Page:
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Turning the Lights Back On
CEDAR RAPIDS, IA (CBS2/FOX28) Flash flooding at the beginning of the month meant cutting power to many homes all over the corridor. Now Cedar Rapids and Utility companies are working with residents to turn the lights back on.
On paper, the process is pretty simple. It starts with inspections to get a permit for repairs from the city. Once the repairs are completed by a certified contractor, the city inspects the property one more time before allowing Alliant Energy to send power back into the home.
But for some, its not quite that simple in practice.
"Just make sure you stand back, said Chaz Greenen as he navigated about the sink hole on the side of his house. This is a sand bar, or bank, and it can collapse on in there."
Greenen is a big rig driver with a big problem. It starts with the big hole in the side of his house.
When flash flooding came through A Avenue two weeks ago, Alliant had to kill power up and down the block.
"We shut off the utility service when it's no longer safe to provide utility service to an area, said Alliant Energy Spokesperson Justin Foss.
To turn the lights back on, Chaz knows what he has to do.
"For the utilities, I've got to get a certified electrician in here, said Greenen. Well there isn't a certified electrician around here that's willing to go in there and put in a box, that I've talked to, that's willing to come out here and do it for under ten grand."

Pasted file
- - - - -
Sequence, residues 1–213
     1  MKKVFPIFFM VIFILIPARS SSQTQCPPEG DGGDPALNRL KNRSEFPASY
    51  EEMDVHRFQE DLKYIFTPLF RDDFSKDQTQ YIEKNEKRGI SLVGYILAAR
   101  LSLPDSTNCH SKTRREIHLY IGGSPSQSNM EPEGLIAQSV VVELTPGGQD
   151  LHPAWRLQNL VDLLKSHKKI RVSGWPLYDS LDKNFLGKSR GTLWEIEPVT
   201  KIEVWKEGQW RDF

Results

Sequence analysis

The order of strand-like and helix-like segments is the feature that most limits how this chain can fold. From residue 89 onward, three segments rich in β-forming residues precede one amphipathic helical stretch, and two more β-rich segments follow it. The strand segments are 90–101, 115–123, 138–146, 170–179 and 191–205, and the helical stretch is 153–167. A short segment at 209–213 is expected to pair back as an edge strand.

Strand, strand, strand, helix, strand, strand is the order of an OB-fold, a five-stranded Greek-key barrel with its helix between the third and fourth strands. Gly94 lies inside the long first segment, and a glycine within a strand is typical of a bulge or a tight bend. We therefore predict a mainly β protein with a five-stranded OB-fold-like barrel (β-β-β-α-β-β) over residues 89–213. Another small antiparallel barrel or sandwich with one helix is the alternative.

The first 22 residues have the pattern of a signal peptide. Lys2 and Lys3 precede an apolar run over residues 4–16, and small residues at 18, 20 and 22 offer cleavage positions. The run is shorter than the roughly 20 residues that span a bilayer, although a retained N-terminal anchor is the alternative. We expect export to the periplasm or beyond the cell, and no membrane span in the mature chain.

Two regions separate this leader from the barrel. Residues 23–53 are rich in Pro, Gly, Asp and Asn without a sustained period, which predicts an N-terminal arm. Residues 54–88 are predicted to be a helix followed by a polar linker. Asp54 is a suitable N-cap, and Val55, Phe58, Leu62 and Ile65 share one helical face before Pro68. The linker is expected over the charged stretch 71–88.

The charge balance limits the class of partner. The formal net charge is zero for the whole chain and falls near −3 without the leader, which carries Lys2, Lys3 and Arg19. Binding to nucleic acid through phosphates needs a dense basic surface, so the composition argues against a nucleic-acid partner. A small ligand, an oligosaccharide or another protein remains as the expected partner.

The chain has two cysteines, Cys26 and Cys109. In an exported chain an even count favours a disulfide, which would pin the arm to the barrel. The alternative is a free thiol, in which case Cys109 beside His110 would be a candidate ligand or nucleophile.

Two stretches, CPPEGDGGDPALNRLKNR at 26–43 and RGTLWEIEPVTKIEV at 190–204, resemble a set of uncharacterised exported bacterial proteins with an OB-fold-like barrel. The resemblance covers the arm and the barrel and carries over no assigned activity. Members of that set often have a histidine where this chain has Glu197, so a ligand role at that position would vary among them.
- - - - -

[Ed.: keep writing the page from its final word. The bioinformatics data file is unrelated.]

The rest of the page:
He says thats way too high.
On top of that expense, he needs to rebuild the foundation.
"If you don't know someone in these fields, they're just gauging you, said Greenen.
He says quotes just for the foundation, before he even starts with electrical repairs, have been between $40,000-$60,000.
"I'm sorry, I can't afford that kind of money, said Greenen. Not to come right out of my pocket and get my house back up."
The City of Cedar Rapids and Alliant both say its up to homeowners to start the process that gets their power back. For many of Chazs neighbors, theyve already been able to do it. But for the others, like Chaz, who hasnt been able to take any driving jobs while he fixes up his house, meaning he cant earn the money to pay for the repairs, his house isnt the only thin falling into a hole.
"If there ever was a rock and a hard spot, you got it. Right here, said Greenen.
Residents who still need to start the process to restore their utilities are encouraged to call 319-286-5903 to register so that a building inspector can come out to the property to inspect the damage.